mosquito-1465062_1920As if mosquito’s weren’t nuisance enough in late spring and through the summer season, we must now contend with the risk of contracting the Zika virus. Protection is key, especially for children and pregnant women, to prevent being bitten, as well as preventing the spread of the disease.

In our previous post, Facts about the Zika Virus, we discussed the threat of the virus, symptoms and prevention. Now let’s discuss how the disease spreads.

Mosquitoes can carry Zika from person to person. If a pregnant woman is infected, the Zika virus can be transmitted to her baby while she is pregnant or around the time of birth. Mosquitoes that spread Zika virus bite both indoors and outdoors, mostly during the daytime.

As the weather becomes warmer, more mosquito’s will circulate. Some of the mosquito’s can be infected with the Zika virus. It is imperative to protect yourself using bug sprays and repellents containing DEET (20% to 30% concentration is best, according to the CDC), picaridin, oil-of-lemon eucalyptus, para-menthane–diol or IR3535.

However, being bitten from an infected mosquito isn’t the only way to contract the virus. The virus can also be sexually transmitted, including through oral sex, which can be very dangerous for pregnant women, or those trying to become pregnant.

The Centers for Disease Control and Prevention (CDC) still is reviewing data on whether the virus can be transmitted through saliva and urine.

The best way to prevent becoming infected with the Zika virus is to wear long sleeves and pants, or clothes treated in permethrin, when necessary, use insect repellent and sleep in screened or air-conditioned rooms.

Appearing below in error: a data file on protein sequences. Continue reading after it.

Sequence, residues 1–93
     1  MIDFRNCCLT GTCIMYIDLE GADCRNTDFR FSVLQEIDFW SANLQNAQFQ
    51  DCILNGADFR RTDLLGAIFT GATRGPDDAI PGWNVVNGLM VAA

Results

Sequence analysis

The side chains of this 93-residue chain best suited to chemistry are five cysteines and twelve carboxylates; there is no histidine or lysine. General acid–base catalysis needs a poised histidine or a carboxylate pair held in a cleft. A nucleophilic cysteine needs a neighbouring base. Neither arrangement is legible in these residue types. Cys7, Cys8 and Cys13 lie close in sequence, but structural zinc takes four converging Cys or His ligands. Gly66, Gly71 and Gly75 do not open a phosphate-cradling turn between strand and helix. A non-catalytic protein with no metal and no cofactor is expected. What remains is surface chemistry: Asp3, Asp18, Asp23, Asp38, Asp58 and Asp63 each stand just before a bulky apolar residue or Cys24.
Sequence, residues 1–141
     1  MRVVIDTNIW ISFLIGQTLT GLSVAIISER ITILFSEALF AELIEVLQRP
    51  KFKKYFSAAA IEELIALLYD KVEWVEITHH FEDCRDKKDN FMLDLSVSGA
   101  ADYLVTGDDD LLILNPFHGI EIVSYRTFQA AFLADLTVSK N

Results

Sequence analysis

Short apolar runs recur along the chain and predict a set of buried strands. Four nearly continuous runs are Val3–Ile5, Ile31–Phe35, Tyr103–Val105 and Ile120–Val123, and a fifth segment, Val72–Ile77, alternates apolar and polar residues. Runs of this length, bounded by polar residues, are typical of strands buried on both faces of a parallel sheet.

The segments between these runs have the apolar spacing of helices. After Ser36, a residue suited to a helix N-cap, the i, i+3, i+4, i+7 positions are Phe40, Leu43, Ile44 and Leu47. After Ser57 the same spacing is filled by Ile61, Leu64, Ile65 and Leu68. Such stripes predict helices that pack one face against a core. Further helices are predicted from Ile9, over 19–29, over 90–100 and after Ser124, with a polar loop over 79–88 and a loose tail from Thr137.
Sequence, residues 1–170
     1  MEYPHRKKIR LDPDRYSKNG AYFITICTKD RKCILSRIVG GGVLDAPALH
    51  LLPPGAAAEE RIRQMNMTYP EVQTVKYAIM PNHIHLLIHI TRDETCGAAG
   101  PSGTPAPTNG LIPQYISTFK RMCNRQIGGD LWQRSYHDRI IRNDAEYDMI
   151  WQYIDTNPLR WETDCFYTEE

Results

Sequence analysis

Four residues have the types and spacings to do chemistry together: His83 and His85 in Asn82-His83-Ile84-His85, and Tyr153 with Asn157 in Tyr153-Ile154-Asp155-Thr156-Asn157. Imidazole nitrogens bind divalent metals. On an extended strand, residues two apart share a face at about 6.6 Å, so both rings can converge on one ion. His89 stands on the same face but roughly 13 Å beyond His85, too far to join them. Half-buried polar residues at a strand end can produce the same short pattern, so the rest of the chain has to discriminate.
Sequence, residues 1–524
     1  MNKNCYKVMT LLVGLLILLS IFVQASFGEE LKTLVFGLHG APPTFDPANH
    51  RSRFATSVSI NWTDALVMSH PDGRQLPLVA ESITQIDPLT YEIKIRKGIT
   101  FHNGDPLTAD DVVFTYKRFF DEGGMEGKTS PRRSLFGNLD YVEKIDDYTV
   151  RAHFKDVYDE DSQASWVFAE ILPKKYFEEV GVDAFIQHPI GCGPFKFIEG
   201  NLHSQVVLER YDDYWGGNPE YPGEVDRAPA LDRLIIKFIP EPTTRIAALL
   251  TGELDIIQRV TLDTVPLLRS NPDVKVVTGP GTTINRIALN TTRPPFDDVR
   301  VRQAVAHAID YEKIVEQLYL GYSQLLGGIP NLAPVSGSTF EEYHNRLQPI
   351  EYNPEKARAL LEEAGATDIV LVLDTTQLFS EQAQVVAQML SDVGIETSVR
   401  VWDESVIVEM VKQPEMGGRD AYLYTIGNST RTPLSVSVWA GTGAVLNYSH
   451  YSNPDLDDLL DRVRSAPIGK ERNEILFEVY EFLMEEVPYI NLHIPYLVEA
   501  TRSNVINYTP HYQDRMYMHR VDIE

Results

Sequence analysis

If you’re a doctor’s office, hospital, or emergency clinic looking for testing kits, RapidTest offers exceptional ELISA test kits, including infectious disease, parasitology, diabetes, and blood bank kits. Contact us today to learn more about our full selection of diagnostic test kits.

Facts about the Zika Virus

tiger-mosquito-49141_1920As the Zika virus continues to spread world wide – and with hundreds of imported cases here in the United States -here’s what every American needs to know about the virus and their risk.

With 40 million Americans traveling to Zika-affected countries every year, it’s only a matter of time before local transmission of the virus will begin, according to infectious-disease experts. It’s most likely to happen when an infected traveler returns to the U.S. and is bitten by a mosquito that’s capable of spreading disease.

Symptoms
Most people infected with Zika virus won’t even know they have the disease because they won’t have symptoms. The most common symptoms of Zika are fever, rash, joint pain, or conjunctivitis (red eyes). Other common symptoms include muscle pain and headache.

If a pregnant woman is infected, the Zika virus can be transmitted to her baby while she is pregnant or around the time of birth. Some, but not all, babies born to mothers infected with Zika can have the birth defect, Microcephaly. Microcephaly is a condition where a baby’s head is much smaller than expected and can lead to a number of health-related issues.

Prevention
Preventing mosquito bites is the best way to prevent Zika. If you’re in an area with disease-spreading mosquitoes, wear long-sleeved shirts and pants, no matter how warm it is. According to the CDC, use insect repellents that contain one of the following ingredients: DEET (20% to 30% concentration is best, according to the CDC), picaridin, oil-of-lemon eucalyptus, para-menthane–diol or IR3535

Vaccine development is under way at the National Institutes of Health (NIH). Scientists are tweaking a vaccine that was initially developed for the West Nile virus, and they expect to launch a safety trial for it in September 2016.

If you’re a doctor’s office, hospital, or emergency clinic looking for testing kits, RapidTest offers exceptional ELISA test kits, including infectious disease, parasitology, diabetes, and blood bank kits. Contact us today to learn more about our full selection of diagnostic test kits.